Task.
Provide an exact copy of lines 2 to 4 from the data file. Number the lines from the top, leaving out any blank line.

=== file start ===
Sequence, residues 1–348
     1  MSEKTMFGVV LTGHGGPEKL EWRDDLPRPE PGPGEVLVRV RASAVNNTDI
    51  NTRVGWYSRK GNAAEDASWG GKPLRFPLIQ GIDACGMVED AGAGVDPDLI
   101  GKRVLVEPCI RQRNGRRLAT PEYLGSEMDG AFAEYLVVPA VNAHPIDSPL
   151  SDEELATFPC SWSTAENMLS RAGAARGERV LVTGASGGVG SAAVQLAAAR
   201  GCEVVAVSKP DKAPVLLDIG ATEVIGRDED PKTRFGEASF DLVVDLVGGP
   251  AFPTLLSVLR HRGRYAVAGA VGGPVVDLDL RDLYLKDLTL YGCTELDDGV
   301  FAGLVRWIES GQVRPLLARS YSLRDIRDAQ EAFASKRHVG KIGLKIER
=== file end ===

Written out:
     1  MSEKTMFGVV LTGHGGPEKL EWRDDLPRPE PGPGEVLVRV RASAVNNTDI
    51  NTRVGWYSRK GNAAEDASWG GKPLRFPLIQ GIDACGMVED AGAGVDPDLI
   101  GKRVLVEPCI RQRNGRRLAT PEYLGSEMDG AFAEYLVVPA VNAHPIDSPL